Before Outland, WAY before Mars Needs Moms, even before Bloom County… he brought us The Academia Waltz. That was creator Berkeley Breathed’s first foray into comic strips, running in The Daily Texan at the University of Texas at Austin while he was still a student there. Now IDW have collected the complete strip (along with some of Mr. Breathed’s political cartoons and other items of archival interest) in a giant 300-plus page hardcover book, Academia Waltz and Other Profound Transgressions. You can look for it this June, or read all about it over at Comic Book Resources. Much more immediately (just this week, in fact!) IDW are offering The Humble Bloom County Comics Bundle, offering hundreds of pages of original Bloom County strips (black & white and full color) in digital format for downloading — all at reduced prices! But hurry on over to the Humble Bundle web site because the sale is on only from now until March 18th!
Squarely in the “It’s about time!” department: Warner Brothers Home Video has announced the release of Road Rovers: The Complete Series on DVD later this month. “Meet ‘Cano-sapien’ the next, heroic step in the evolution of man’s best friend! After the evil General Parvo unleashes Professor Shepherd’s inventions upon the world, mutating dogs into monsters, Professor Shepherd recruits an international team of canines and transdogmafies’ them into super-heroic, humanoid crime-fighters.” That description barely scratches the surface of just how completely odd this popular anthropomorphic cartoon series from the 90’s could get. So head on over to the Warner Brothers web site and check it out. And remember: Don’t be weird boy!
Katie Cook is well-known these days as one of the main writers and sometimes artist of IDW’s My Little Pony: Friendship is Magic comic book series. Well, she has also created her own on-line comic series called Gronk: A Monster’s Story, which follows the adventures of a young and rather adorable monster… living out in the human world. Unable to make it as a scary thing that bumps in the night, she instead moves in with a young woman, her mischievous cat, and her friendly but very large dog. After several years on line, this full-color all-ages comic has now been collected into three softcover volumes by Action Lab Entertainment — all of them currently available at the Gronk web site.
For many Furry Fans who grew up in the 1960’s and 70’s, Kamandi, The Last Boy On Earth held a special place in their hearts. Now, IDW Publishing have brought us this: “Of all Jack Kirby’s celebrated DC Comics creations, perhaps none has struck such an enduring chord with readers as his post-apocalyptic adventure Kamandi: The Last Boy on Earth. Now, to the delight of fans far and wide, this much-anticipated series joins the esteemed ranks of Jack ‘King’ Kirby’s Artist’s Editions! Long after the age of super heroes, Kamandi triumphed as humanity’s last beacon in a world ruled by beasts. Traveling the remnants of civilization after a great disaster, the Last Boy on Earth found both friends and foes among the irradiated animal kingdom that now inhabited the world. Written and drawn by Kirby, the series was unique to comics and completely unlike anything else readers had seen. This enthralling Artist’s Edition features some of the most influential complete issues from the revered series, including issues 1, 2, 5, 6, 7, and 9, along with additional covers and other bonus material. At 160 pages and measuring 12” by 17,” this Artist’s Edition will amaze and delight fans this May!”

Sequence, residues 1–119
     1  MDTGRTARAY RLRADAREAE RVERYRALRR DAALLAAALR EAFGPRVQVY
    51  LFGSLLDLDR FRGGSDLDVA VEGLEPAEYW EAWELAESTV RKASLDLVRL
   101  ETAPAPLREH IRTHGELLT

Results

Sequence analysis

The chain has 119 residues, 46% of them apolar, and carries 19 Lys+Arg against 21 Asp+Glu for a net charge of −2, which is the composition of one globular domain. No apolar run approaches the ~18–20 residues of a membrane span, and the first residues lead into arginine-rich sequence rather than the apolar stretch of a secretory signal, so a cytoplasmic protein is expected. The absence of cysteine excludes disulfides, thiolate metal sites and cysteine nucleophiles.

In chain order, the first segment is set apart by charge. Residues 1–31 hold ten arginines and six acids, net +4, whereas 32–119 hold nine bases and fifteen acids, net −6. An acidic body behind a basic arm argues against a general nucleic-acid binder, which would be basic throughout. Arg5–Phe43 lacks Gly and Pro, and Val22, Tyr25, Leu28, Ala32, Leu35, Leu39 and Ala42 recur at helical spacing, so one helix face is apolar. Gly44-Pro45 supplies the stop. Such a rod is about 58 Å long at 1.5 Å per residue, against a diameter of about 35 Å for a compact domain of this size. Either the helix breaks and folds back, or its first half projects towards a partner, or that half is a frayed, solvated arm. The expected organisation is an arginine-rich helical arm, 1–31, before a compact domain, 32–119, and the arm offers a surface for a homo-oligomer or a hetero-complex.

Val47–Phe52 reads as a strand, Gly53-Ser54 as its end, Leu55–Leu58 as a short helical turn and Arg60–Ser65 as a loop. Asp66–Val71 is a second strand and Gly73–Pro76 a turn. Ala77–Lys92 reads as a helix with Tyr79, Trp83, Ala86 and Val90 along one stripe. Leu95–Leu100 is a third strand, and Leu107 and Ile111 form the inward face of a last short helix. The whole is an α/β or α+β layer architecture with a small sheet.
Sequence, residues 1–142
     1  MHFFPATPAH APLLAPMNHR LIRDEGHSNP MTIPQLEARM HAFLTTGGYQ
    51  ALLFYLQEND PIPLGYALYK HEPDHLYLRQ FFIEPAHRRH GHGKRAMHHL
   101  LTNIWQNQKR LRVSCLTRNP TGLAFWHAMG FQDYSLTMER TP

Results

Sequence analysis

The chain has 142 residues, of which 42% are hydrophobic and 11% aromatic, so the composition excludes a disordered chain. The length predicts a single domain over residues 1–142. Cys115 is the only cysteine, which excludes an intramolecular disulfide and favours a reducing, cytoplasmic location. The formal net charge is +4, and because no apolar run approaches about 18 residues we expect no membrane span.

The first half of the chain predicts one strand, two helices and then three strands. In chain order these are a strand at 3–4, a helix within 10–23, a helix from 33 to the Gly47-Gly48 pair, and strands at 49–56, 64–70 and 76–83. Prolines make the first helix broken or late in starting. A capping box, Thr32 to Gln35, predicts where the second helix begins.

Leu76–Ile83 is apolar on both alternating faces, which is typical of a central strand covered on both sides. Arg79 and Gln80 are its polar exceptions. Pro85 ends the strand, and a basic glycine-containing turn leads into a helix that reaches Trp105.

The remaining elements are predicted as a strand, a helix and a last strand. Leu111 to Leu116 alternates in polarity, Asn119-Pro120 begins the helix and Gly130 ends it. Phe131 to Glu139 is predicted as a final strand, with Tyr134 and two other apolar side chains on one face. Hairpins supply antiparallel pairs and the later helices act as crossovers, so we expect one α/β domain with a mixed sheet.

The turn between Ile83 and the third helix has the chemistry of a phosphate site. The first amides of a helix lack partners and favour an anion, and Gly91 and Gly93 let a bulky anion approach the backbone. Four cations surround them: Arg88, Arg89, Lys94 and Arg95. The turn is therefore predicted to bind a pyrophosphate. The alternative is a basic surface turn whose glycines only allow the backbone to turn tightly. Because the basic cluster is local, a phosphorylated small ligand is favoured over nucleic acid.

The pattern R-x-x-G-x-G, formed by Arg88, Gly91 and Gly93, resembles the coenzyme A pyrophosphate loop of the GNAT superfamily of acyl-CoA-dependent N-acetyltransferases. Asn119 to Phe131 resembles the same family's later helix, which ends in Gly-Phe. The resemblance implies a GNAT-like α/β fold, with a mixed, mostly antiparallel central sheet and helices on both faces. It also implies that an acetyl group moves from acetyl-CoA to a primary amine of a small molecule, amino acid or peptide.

Back in the Ren & Stimpy days of boffo animation (as opposed to the more sedate, cultured world of Adventure Time today. Right.), one of the more interesting and unusual shows lived on Nickelodeon of all places: Catdog, the story of a creature who was half cat and half dog… and both of them front ends! “Brothers Cat and Dog couldn’t be more different — Cat is clever and cultured, while Dog is a naïve but lovable goofball. But they definitely share one thing in common: a body! This crazy set of conjoined twins find themselves in all sorts of silly adventures, but through them all, the two misfits stick together…whether they like it or not!” Now Shout Factory have brought together all 68 episodes in one new DVD compilation, Catdog: The Complete Series. Check it out at their web site. You even get a poster!
The European artist Peyo (real name, Pierre Culliford) is well-known (or is it infamous?) as the creator of The Smurfs. But he also wrote and illustrated the adventures of a cat, known simply as Pussycat, for Spirou comics magazine. Now Papercutz (well-known as the publisher of Geronimo Stilton) have brought together Pussycat’s comics in one full-color hardcover collection. “This cat isn’t exactly the noble hunting type– he’d rather play a game of kickball with the resident mouse than chase after him– and most of the humor originates from his clever, yet often foolish ways of trying to get what he wants (e.g. milk and snacks).” You can pre-order Pussycat over at Barnes & Noble, and look for the book to hit stores this coming February.
Years ago, underground cartoonist Hunt Emerson made a name for himself with a comic strip known as Calculus Cat which… well, let’s just say it’s not about a cat who’s good at math. “Calculus Cat’s home life is locked in an intense, argumentative relationship with his TV set, which bedevils him with commercials for Skweeky Weets – the world’s most asinine breakfast cereal. His ‘job’ is no better. He is forced to run thought the streets sporting his famous grin as The Public shout abuse and throw rubbish. His world is graphic, black and white, jagged, full in, weird, speedy and loud – everything a comic should be.” You heard it here. Long ago there was a compilation of Calculus Cat comics published, but it has long since gone out of print. Now after a successful Kickstarter campaign, Knockabout Comics have released a brand new expanded collection in trade paperback, featuring brand new pages and a collection of Calculus Cat art by the likes of Dave McKean, Gilbert Shelton, John McCrea, Kevin O’Neill, Kate Charlesworth, and Rian Hughes. Find out more over at Previews. The collection is in stores now.